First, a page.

YAKITORI TAKUMI, North Adelaide
Here it is – my first review without any food photos. Yes, Yakitori Takumi is the first establishment that I’ve come across with a ‘no photos of food or menu’ policy. Being majorly disappointed, I asked for an explanation and was told that they used to allow photos until they had a bad experience where another establishment had pretty much replicated their menu and the way the dishes looked, so much so that they had a few comments from customers assuming that they were in fact sister restaurants.
I wasn’t going to let no photos stop me doing a write-up because, frankly, they deserve one – no matter how much it killed me not being able to take pics of what was being put in front of me – really, it did!! We had an excellent night.
Yakitori Takumi models itself on the typical dining culture in Japan of Izakayas, or ‘drinking houses’ – a similar concept to a tavern. Yakitori is a traditional Japanese dish of grilled skewered pieces of chicken, Takumi means artisan. Yakitori Takumi was the first yakitori restaurant in Australia, opening its doors over ten years ago, and owner Eddie Ye tells us it’s a typical set up, just like you would find in Japan. He originally opened it up to introduce Japanese dining culture and for the Japanese people in Adelaide who head there when they’re missing home. Ninety percent of dishes that you get here are just as you would find in Japan. Interestingly, Eddie, who has so ensconced himself in this Japanese way of cooking and eating, isn’t Japanese. He’s from Malaysia.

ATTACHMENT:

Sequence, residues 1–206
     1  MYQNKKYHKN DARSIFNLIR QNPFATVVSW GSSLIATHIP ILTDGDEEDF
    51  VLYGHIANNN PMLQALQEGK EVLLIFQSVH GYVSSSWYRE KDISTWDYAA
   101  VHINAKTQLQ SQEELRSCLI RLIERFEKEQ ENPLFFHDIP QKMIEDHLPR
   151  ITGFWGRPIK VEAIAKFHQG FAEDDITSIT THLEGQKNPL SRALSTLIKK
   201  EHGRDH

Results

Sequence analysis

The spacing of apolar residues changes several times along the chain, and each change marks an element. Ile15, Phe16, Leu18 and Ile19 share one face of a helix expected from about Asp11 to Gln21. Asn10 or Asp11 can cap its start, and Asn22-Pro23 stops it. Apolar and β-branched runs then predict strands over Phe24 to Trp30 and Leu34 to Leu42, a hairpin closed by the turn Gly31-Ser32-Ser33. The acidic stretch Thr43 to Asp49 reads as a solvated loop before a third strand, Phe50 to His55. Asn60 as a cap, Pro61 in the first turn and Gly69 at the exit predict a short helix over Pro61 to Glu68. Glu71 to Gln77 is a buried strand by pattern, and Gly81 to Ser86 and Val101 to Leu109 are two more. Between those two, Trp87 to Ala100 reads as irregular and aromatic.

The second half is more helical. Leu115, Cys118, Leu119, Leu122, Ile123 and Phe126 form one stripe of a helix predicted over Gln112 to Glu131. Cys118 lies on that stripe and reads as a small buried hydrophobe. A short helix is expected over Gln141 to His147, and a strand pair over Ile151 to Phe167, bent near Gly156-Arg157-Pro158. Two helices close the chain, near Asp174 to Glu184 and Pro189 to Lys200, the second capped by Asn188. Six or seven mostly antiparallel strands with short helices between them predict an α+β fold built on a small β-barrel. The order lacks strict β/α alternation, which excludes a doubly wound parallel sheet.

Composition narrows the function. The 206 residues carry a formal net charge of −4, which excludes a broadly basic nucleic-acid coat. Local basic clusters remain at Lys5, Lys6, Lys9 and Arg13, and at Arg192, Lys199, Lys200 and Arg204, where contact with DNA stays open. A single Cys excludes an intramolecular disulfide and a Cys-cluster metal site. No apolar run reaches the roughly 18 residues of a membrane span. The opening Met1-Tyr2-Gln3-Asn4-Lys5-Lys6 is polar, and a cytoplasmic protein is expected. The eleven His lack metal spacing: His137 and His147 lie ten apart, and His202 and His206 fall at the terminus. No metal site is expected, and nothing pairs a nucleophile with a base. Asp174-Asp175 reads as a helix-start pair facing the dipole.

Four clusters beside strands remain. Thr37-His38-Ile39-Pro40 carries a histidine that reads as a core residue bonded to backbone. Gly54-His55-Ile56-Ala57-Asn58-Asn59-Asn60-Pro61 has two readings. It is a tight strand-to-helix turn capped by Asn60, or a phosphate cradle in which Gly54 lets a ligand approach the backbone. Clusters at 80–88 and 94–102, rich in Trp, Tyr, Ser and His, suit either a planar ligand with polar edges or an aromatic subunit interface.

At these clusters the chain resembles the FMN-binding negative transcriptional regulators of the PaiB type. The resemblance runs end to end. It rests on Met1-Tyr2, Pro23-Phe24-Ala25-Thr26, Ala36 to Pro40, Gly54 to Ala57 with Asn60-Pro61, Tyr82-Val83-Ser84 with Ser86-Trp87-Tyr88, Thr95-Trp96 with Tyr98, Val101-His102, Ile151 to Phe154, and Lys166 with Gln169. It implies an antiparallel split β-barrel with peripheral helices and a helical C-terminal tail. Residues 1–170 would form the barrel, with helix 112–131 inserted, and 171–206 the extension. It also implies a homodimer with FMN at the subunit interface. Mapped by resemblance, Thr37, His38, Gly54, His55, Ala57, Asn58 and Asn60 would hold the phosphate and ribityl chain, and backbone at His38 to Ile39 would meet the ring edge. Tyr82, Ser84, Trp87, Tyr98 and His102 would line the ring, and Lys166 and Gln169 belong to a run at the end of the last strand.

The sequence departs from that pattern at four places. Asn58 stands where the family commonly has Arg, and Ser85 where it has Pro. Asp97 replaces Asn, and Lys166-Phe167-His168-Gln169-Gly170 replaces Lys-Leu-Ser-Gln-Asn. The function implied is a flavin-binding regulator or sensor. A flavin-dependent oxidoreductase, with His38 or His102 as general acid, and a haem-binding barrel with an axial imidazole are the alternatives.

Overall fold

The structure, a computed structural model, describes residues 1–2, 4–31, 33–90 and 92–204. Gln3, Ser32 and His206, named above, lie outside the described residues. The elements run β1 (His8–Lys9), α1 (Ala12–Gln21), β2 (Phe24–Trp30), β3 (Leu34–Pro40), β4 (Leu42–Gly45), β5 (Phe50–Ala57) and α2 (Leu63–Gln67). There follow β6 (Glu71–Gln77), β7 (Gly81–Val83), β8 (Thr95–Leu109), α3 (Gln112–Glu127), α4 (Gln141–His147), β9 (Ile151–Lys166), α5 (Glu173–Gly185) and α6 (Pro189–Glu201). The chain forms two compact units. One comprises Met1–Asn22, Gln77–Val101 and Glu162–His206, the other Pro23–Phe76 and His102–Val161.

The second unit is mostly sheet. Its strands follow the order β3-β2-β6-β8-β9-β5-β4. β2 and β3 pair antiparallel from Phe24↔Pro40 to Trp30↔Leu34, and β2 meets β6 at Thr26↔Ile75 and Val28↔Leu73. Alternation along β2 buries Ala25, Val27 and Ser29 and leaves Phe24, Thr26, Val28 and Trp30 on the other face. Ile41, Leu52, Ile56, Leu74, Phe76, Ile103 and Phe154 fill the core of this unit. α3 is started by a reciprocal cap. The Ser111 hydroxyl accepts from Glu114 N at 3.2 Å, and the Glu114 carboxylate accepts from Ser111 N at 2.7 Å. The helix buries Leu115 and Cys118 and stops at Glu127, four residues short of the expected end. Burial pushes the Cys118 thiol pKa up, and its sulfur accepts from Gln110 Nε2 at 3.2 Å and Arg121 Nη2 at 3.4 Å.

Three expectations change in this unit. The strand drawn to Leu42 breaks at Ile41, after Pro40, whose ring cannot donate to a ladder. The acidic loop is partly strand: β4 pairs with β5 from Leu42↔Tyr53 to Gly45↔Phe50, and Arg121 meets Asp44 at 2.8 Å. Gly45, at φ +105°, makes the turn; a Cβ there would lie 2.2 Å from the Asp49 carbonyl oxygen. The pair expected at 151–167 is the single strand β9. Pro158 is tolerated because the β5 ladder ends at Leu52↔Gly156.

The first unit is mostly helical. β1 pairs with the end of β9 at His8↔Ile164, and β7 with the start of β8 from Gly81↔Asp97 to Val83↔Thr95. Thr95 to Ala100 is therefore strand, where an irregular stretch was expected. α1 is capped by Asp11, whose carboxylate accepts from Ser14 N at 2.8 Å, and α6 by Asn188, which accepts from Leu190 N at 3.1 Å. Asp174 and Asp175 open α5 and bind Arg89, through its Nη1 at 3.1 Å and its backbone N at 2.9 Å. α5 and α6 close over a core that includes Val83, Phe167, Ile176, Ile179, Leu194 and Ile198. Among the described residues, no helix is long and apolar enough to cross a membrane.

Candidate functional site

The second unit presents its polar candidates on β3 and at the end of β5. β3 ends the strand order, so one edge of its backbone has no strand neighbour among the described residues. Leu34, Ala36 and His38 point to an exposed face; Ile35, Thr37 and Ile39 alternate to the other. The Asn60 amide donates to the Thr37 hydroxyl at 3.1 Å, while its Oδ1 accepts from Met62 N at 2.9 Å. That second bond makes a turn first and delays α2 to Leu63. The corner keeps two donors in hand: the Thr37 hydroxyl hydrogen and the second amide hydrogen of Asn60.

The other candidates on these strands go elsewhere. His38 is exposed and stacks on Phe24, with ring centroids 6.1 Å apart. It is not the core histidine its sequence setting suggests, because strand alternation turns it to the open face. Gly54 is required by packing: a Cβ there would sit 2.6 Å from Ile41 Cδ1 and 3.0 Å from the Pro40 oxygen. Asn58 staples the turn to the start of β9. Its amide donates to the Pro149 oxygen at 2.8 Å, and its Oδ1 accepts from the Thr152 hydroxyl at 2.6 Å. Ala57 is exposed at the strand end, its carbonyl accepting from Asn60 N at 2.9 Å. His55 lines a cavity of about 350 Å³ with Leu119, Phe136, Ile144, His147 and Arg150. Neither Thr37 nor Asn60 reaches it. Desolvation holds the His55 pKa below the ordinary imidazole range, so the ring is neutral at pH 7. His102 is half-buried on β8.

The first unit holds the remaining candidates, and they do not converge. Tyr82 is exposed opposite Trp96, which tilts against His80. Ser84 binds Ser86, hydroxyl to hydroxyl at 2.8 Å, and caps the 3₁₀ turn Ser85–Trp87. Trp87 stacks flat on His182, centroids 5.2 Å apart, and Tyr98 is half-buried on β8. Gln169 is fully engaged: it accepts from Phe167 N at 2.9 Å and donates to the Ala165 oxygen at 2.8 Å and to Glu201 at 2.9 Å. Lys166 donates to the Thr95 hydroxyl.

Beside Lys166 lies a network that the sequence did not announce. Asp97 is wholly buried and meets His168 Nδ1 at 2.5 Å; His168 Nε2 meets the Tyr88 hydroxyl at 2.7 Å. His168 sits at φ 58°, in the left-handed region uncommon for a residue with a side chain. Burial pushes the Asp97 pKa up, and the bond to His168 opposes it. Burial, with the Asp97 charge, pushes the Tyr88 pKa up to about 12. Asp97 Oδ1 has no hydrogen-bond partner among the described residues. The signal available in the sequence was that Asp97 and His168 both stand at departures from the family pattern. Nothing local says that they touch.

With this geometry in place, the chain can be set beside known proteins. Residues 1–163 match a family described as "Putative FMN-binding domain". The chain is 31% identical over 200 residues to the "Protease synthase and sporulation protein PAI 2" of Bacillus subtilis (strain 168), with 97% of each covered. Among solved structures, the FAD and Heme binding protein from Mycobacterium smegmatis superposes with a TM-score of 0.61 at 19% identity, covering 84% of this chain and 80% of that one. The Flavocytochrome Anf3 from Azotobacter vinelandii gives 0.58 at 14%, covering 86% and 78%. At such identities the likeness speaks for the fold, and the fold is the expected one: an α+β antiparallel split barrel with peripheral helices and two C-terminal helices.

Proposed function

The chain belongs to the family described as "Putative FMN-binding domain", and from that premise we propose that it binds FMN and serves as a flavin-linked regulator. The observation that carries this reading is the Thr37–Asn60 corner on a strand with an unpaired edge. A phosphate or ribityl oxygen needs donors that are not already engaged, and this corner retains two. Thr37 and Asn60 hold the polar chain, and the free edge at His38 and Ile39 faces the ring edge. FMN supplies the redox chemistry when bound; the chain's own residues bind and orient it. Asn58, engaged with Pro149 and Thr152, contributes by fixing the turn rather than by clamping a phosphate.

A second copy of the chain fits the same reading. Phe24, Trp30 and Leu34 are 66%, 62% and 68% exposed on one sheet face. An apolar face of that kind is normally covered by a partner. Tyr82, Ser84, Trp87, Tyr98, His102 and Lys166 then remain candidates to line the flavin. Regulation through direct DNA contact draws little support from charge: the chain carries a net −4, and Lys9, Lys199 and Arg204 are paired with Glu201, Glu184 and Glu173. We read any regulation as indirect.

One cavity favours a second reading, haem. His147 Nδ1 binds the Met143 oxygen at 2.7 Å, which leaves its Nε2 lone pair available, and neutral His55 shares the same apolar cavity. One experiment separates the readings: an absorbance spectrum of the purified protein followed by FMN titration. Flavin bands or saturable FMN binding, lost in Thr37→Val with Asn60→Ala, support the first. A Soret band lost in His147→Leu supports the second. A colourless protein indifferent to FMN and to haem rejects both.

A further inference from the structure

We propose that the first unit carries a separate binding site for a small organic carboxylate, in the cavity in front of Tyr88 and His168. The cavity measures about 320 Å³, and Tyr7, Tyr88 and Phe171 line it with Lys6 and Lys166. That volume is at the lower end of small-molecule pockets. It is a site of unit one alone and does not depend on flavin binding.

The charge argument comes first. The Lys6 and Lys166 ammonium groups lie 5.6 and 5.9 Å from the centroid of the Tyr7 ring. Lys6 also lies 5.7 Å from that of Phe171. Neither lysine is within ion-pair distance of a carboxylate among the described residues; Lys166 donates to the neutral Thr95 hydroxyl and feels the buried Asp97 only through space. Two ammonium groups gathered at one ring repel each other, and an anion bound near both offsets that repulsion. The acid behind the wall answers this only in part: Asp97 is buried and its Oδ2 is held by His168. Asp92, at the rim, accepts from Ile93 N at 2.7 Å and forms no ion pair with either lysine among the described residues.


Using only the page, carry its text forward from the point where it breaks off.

Traditionally you’d find no more than 15-20 dishes at such an establishment but Eddie’s menu has a few more additions including seafood and some rice dishes. We enjoyed quite a few different types of skewers – chicken (of course), salmon, haloumi, liver, heart, and we also had some tempura mushrooms, vegetarian gyoza and beef. There’s a good range of wines and sakes to accompany the food too.
Everyone loves eating things on sticks – it’s fun, and Eddie is an accommodating host, enjoying sharing his stories about the place and the food. If you’re after a dining experience that will transport you to Japan, give Yakitori Takumi a try.